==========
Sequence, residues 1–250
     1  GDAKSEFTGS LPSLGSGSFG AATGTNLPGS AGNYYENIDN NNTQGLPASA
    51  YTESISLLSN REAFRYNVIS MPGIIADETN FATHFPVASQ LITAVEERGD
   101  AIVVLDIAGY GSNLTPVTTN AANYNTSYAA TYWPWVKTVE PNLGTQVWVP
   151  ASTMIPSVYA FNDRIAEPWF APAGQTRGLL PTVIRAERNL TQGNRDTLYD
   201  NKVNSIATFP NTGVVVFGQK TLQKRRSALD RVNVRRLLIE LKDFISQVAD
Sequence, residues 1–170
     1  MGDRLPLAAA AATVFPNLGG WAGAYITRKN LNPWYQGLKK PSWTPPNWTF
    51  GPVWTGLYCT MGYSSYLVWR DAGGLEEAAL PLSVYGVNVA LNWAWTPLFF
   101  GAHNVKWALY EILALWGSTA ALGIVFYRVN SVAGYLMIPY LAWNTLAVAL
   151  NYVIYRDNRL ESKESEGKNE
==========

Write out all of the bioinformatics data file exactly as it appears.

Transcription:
Sequence, residues 1–250
     1  GDAKSEFTGS LPSLGSGSFG AATGTNLPGS AGNYYENIDN NNTQGLPASA
    51  YTESISLLSN REAFRYNVIS MPGIIADETN FATHFPVASQ LITAVEERGD
   101  AIVVLDIAGY GSNLTPVTTN AANYNTSYAA TYWPWVKTVE PNLGTQVWVP
   151  ASTMIPSVYA FNDRIAEPWF APAGQTRGLL PTVIRAERNL TQGNRDTLYD
   201  NKVNSIATFP NTGVVVFGQK TLQKRRSALD RVNVRRLLIE LKDFISQVAD
Sequence, residues 1–170
     1  MGDRLPLAAA AATVFPNLGG WAGAYITRKN LNPWYQGLKK PSWTPPNWTF
    51  GPVWTGLYCT MGYSSYLVWR DAGGLEEAAL PLSVYGVNVA LNWAWTPLFF
   101  GAHNVKWALY EILALWGSTA ALGIVFYRVN SVAGYLMIPY LAWNTLAVAL
   151  NYVIYRDNRL ESKESEGKNE